The Christian Humanist Podcast, Episode #16.1

Another Gilmour-less episode. It may be until tomorrow before it gets added to iTunes, etc. I’m sure you’ll recognize the theme music.

General Introduction
– No Nathan
– What’s on the blog?

Our Emotionally Scarring Experiences
The Shining haunts Michial’s dreams
– Slasher movies
Beetlejuice and a man in a yellow wolf suit
– Toy monkeys
– Why dolls are so scary
– FREDDY KREUGER!!!!

Ancient Horror
– What Nathan was going to talk about
– Monsters vs. monster-slayers
– Were these supposed to be scary?
– Lilith
– Scandinavian sagas
– Skipping Renaissance drama

English Gothic
– Horace Walpole
– A list of gothic conventions

American Gothic
– Charles Brockden Brown
– Ditching the castle
– Why Wieland is a failure
– Pseudo-science in Poe and Hawthorne
– The difference between Hawthorne and Poe
– “The Legend of Sleepy Hollow” and the folk legend

Frankenstein and Dracula
– David clarifies
– Scientific anxiety
– Does Frankenstein still resonate with us?
Dracula and the Victorian nightmare of devolution
– Why Dracula is cooler than Edward Cullen
– Vampiric sexuality

20th-Century Horror and “Weird Fiction”
– Kafka as pseudo-horror
– Crazy worlds and paranoia
– H.P. Lovecraft
– Existential horror
– “Dover Beach” as horror poem

Movies and Television
– What film does that literature can’t do
– The amorphous and the concrete
The Twilight Zone
The X-Files and its real-world grounding
Jaws as Enuma Elish
– Michial gets very graphic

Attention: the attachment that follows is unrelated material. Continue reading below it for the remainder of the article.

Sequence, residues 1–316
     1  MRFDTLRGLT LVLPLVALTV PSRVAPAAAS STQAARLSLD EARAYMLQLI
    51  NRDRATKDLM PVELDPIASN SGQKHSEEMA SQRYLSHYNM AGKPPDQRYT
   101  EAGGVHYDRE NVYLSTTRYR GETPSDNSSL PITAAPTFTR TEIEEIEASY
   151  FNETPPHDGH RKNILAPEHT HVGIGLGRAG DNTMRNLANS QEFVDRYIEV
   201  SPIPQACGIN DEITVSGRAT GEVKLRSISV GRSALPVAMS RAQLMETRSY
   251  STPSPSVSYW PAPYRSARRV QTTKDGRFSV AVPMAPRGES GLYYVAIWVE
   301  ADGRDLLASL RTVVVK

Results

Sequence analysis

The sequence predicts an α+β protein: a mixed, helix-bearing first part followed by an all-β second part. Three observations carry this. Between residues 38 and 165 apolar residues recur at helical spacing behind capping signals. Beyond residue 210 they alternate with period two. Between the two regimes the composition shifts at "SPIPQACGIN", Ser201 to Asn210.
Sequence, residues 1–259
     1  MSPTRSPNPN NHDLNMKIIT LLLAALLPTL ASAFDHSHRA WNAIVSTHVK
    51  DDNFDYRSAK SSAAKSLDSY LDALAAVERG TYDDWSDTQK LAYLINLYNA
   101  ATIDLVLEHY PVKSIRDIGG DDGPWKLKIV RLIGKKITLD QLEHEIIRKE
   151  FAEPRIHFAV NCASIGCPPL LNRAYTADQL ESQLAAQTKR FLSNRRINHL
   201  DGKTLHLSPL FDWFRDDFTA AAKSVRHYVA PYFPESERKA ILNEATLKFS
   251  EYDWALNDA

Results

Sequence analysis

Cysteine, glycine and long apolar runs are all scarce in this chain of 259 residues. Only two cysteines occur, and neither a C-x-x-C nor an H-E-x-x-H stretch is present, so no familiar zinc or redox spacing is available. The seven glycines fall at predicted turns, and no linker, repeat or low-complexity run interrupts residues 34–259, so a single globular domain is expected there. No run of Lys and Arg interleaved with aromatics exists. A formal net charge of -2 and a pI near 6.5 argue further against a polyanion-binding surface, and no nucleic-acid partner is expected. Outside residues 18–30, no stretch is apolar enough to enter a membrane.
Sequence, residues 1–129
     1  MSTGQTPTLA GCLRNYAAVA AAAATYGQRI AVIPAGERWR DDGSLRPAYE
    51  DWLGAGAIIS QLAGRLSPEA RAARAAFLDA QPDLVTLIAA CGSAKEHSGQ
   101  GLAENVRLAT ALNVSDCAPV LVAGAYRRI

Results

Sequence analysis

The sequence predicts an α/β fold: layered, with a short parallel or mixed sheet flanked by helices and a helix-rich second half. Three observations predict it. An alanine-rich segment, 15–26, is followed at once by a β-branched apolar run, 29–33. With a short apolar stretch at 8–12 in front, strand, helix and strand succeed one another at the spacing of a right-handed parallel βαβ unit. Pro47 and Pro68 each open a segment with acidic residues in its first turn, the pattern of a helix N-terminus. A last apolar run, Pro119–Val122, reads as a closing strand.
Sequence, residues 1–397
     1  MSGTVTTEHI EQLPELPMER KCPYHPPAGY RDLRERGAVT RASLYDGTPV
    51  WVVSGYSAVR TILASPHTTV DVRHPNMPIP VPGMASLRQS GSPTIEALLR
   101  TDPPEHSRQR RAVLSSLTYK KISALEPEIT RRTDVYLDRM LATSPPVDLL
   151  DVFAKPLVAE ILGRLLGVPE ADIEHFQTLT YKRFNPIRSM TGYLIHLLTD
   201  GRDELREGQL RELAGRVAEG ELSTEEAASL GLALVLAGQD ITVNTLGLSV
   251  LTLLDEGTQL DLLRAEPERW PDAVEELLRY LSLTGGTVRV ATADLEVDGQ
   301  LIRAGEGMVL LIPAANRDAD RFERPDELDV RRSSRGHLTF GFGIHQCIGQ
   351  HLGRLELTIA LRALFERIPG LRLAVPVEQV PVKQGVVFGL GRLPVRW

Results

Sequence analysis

Why Do We Love Horror?
– Katharsis
– Making anxiety into fear
– Facing your fear
– Corruption of childhood

The Christian Response
– A spirit of fear?
– Didactic purposes
– The Christian and torture porn
– Analyzing the Pig People

BIBLIOGRAPHY
Aristotle. Poetics. Trans. Malcolm Heath. New York: Penguin, 1997.

Arnold, Matthew. “Dover Beach.” The Poems of Matthew Arnold. Boston: Adamant Media, 2005.

Beowulf: A New Verse Translation. Trans. Seamus Heaney. New York: Norton, 2001.

Brown, Charles Brockden. Edgar Huntly; or, Memoirs of a Sleep-Walker. Kent, Oh.: Kent State UP, 1987.

—. Wieland; or, the Transformation, Together with Memoirs of Carwin the Biloquist. San Diego: Harcourt Brace, 1926.

Eirik the Red and Other Icelandic Sagas. Trans. Gwyn Jones. New York: Oxford UP, 2009.

The Epic of Gilgamesh: A New Translation. Trans. Andrew George. New York: Penguin, 1999.

Enuma Elish: The Seven Tablets of the History of Creation. Trans. L.W. King. New York: FQ Classics, 2007.

Hawthorne, Nathaniel. “The Birthmark.” Hawthorne’s Short Stories. Ed. Newton Arvin. New York: Knopf, 1946. 147-164.

—. The Blithedale Romance. New York: Norton, 1978.

—. “Rappacini’s Daughter.” Hawthorne’s Short Stories. Ed. Newton Arvin. New York: Knopf, 1946. 179-209.

Irving, Washington. “The Legend of Sleepy Hollow.” New York: Signet, 1981. 329-360.

Kafka, Franz. The Castle. Trans. Anthea Bell. New York: Oxford UP, 2009.

—. “In the Penal Colony.” Trans. Willa and Edwin Muir. The Complete Stories. Ed. Nahum N. Glazer. New York: Schocken, 1971. 140-167.

—. “The Metamorphosis.” Trans. Willa and Edwin Muir. The Complete Stories. Ed. Nahum N. Glazer. New York: Schocken, 1971. 89-139.

King, Stephen. The Shining. New York: Pocket, 2002.

Lovecraft, H.P. Tales. New York: Library of America, 2005.

Meyer, Stephanie. Twilight. New York: Little, Brown, 2006.

Poe, Edgar Allan. “The Black Cat.” Poetry, Tales, and Selected Essays. Ed. Patrick F. Quinn. New York: Library of America, 1996. 597-606.

—. “The Imp of the Perverse.” Poetry, Tales, and Selected Essays. Ed. Patrick F. Quinn. New York: Library of America, 1996. 826-832.

—. “The Tell-Tale Heart.” Poetry, Tales, and Selected Essays. Ed. Patrick F. Quinn. New York: Library of America, 1996. 555-559.

Shelley, Mary. Frankenstein. New York: Penguin, 2003.

Walpole, Horace. The Castle of Otranto: A Gothic Story. New York: Oxford UP, 2009.

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